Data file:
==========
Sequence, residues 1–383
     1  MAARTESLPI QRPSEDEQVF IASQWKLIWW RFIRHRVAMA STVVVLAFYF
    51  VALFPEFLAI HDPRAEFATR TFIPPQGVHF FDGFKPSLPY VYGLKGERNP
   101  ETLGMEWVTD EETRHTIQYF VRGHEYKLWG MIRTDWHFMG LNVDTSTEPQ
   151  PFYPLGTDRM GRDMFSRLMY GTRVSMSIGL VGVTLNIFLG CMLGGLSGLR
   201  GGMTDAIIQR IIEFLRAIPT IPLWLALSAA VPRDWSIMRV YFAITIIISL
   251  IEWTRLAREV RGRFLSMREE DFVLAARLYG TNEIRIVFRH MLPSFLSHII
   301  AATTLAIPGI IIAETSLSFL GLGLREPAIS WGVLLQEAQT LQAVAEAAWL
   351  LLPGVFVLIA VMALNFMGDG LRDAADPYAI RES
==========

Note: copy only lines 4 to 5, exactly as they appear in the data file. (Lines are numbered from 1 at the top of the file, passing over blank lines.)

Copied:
   101  ETLGMEWVTD EETRHTIQYF VRGHEYKLWG MIRTDWHFMG LNVDTSTEPQ
   151  PFYPLGTDRM GRDMFSRLMY GTRVSMSIGL VGVTLNIFLG CMLGGLSGLR